The discovery of eight dead monkeys in the Rwenzori National Park in Bundibugyo District has again caused more fears and tension among locals who are just coming to terms with the Ebola outbreak that ravaged the area and is said to have been brought to the area by infected monkeys.
District leaders and the health workers are suspecting that the monkeys may have been suffering from another virus but are all the same carrying out investigations.
In a meeting of medical experts with the district leaders held on Thursday at the district headquarters that was aimed at assessing and fighting the Ebola epidemic who epicenter has been here, it was noted that the monkeys and chimpanzees have certain blood viruses similar to those detected in human blood samples.
The investigations, however, will take congnisance of the fact that illegal hunting and killing of monkeys in the Mt Rwenzori ranges is going on uninterrupted.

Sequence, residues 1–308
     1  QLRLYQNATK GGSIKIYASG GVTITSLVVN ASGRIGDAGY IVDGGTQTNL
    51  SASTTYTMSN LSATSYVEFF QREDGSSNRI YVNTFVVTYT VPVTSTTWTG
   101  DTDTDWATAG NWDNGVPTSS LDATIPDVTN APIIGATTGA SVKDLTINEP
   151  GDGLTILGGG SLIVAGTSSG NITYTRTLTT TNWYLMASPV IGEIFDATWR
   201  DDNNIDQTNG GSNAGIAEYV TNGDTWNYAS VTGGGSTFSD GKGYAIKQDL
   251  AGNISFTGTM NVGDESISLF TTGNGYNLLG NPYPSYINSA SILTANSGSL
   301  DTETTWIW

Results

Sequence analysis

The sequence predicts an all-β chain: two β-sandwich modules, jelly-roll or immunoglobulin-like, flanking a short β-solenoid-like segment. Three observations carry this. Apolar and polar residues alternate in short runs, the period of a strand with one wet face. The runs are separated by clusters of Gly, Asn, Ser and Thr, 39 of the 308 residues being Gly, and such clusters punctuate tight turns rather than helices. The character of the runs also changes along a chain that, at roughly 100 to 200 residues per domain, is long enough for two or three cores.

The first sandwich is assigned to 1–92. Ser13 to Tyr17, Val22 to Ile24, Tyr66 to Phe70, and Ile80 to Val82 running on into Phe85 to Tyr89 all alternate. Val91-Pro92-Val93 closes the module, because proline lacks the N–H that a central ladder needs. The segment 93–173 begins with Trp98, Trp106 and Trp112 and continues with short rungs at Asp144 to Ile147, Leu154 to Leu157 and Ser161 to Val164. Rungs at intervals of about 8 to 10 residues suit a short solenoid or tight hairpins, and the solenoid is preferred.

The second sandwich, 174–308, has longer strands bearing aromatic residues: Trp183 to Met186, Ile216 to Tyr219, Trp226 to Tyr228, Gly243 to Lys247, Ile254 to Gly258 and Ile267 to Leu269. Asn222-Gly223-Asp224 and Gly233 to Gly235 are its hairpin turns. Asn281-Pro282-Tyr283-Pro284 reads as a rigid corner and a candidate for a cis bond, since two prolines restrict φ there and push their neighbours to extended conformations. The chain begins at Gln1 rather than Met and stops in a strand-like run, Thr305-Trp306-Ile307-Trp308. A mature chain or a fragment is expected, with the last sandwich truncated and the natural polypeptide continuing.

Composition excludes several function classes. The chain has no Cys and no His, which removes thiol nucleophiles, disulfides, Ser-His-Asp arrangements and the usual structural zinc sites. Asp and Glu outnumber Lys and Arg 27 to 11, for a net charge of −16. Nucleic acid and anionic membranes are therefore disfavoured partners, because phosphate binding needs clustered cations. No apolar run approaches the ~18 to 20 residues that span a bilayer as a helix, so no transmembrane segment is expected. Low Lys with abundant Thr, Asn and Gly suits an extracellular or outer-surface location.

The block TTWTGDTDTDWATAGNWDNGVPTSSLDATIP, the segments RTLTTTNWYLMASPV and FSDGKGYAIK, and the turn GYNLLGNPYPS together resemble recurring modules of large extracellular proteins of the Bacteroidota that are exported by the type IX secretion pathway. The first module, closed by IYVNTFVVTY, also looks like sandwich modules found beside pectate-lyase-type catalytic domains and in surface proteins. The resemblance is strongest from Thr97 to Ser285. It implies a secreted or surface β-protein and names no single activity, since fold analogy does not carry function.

It was resolved that the district authorities of Bundibugyo with immediate effect and alert the Uganda Wildlife Authority to intervene since a good number of families living in the mountains are feeding monkey meat and putting their lives at risk.
Meanwhile, on January 4 the Director General of Health Services, Dr Sam Zaramba issued a statement saying that the cumulative total of Ebola patients stands at 149 with 37 deaths.
"In Bundibugyo District, five people are currently admitted, one in Kikyo Health Centre and four in Bundibugyo Hospital. Of these, one new suspected case has been registered and is admitted in Bundibugyo Hospital in the last 24 hours. One patient was discharged from Kikyo Health Centre," the statement said.
The statement had positive news too saying that 441 out of 771 contacts have completed 21 days of follow-up and are considered safe.
Dr Zaramba, however, cautioned against "creating unnecessary panic."